PETALING JAYA, April 26 — PKR today welcomed DAP’s efforts to engage with Sarawak’s non-Chinese Bumiputera communities but insisted that a merger with SNAP would not be the way to do so.
PKR strategy director Rafizi Ramli told a press conference today that it would be unwise for Pakatan Rakyat (PR) parties to brush off SNAP’s “betrayal” to the pact in the final hours before campaign kick-off during the April 16 Sarawak polls.
The Sarawak-based SNAP, Rafizi pointed out, was still yet to explain its position and the numerous allegations that it had been employed by Barisan Nasional (BN) to split the opposition vote and ruin PR’s chances.
“SNAP never explained itself. Do not forget that its own president Edwin Dundang himself said that he was supportive of (Chief Minister Tan Sri Abdul) Taib Mahmud’s continued rule in Sarawak.
“So we need to take all these into consideration... we cannot just forgive and forget and write off SNAP’s actions leading up to the polls,” he said.
SNAP, a Sarawak-based opposition party known as the Sarawak National Party, was set to contest along side PR parties to topple BN in the 10th state polls.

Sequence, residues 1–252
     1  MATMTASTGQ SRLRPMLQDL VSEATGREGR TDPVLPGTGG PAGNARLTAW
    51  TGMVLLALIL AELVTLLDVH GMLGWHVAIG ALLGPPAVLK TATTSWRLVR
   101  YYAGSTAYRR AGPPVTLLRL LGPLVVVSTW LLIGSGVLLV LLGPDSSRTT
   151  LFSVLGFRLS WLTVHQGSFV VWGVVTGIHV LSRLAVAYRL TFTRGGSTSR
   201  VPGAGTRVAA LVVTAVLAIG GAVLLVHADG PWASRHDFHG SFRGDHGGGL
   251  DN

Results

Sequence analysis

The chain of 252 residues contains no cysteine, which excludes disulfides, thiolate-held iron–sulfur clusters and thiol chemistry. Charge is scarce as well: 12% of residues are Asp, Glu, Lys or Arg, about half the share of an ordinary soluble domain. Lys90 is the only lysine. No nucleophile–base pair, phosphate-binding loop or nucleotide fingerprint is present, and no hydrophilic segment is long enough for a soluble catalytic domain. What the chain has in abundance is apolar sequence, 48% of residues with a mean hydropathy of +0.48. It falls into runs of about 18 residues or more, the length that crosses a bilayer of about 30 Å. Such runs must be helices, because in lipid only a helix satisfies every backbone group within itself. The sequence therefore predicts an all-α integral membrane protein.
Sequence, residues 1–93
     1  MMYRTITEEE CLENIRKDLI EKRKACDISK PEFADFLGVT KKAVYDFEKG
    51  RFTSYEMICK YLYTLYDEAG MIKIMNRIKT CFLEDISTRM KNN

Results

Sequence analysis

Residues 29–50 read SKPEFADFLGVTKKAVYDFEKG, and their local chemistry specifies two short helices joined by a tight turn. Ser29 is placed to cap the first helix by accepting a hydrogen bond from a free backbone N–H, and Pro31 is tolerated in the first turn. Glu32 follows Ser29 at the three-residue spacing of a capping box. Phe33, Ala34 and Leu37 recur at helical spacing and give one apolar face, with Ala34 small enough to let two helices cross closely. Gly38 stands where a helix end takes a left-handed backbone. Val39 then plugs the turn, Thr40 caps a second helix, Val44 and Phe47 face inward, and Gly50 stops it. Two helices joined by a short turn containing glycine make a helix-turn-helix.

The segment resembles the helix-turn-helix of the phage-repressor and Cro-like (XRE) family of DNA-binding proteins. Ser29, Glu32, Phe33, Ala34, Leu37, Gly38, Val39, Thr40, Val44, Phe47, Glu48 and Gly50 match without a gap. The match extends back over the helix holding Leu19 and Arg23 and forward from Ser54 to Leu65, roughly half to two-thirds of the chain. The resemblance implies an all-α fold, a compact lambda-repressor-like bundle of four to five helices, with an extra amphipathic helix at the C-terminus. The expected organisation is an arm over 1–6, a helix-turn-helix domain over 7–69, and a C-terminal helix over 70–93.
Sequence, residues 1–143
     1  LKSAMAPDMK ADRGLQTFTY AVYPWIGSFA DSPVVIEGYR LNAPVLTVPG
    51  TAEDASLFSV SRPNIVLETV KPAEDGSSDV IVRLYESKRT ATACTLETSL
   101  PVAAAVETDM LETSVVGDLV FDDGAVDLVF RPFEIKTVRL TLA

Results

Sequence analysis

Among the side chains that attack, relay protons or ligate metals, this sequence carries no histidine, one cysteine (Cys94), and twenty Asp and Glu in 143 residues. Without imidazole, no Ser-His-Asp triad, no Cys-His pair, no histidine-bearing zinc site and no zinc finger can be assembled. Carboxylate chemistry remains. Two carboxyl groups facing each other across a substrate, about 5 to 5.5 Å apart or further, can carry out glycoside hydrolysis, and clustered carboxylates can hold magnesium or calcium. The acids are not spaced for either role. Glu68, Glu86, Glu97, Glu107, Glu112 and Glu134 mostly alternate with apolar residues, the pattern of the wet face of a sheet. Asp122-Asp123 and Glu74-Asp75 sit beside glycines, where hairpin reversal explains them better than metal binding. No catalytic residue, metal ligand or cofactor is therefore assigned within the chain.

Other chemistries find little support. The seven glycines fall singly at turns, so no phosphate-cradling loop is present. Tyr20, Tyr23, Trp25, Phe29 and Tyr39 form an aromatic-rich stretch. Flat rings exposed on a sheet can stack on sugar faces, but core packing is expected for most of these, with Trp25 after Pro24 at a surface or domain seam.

But in the run-up to campaign kick-off on April 6, the seat negotiation between SNAP and PKR broke down and the former party declared that it would contest in 26 state seats, irregardless of whether it would mean contesting against PKR.
It however pledged not to campaign against DAP and PAS.
Both feuding parties ended up clashing in all 26 seats, a move that PKR claimed was likely a strategic attempt by BN to split the opposition vote.
“That is why, my first when people ask for my views on the DAP-SNAP merger, my immediate response is that I do welcome if DAP wants to venture into the interiors... if they want to hop onto the boat and head to the interiors, or go the longhouses.
“But is merging with SNAP the way forward? We also welcome if PAS wants to open branches in the interior areas... by al means. But we must see the overall benefit for PR,” said Rafizi.
He noted if the purpose of the merger was to help PR spread its influence in the Dayak-majority seats, SNAP had proven during the state polls that it had little or no influence in the seats.
During the polls, SNAP had lost its deposit in 25 of the 26 seats it contested after it failed to garner at least one eighth of the votes cast.
“Logically, if you want to merge with another party to bring in the Dayak votes, that party should have a strenght of its own,” he said.
Rafizi stressed that PKR was not feeling threatened at DAP’s bid to spread its influence in the hornbill state but noted that the party’s concern was on the viability of the merger.
“There is no short cut to these things... we need to slog it out. It takes time to build credibility in the areas,” he said.
DAP’s Lim Kit Siang suggested the possibility of a SNAP merger shortly after the polls, saying that the party should take advantage of the “Dayak awakening”.
There was a significant shift of votes from across the Dayak communities towards PR parties during the polls.
During a state committee meeting on Sunday, Sarawak DAP endorsed the proposal and attempted to engage SNAP in informal talks.